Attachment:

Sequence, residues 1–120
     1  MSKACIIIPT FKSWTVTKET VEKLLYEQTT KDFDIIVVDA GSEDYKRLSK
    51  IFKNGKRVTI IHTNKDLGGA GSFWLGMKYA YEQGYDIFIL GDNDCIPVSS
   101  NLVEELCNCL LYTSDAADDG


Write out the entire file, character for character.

Sequence, residues 1–120
     1  MSKACIIIPT FKSWTVTKET VEKLLYEQTT KDFDIIVVDA GSEDYKRLSK
    51  IFKNGKRVTI IHTNKDLGGA GSFWLGMKYA YEQGYDIFIL GDNDCIPVSS
   101  NLVEELCNCL LYTSDAADDG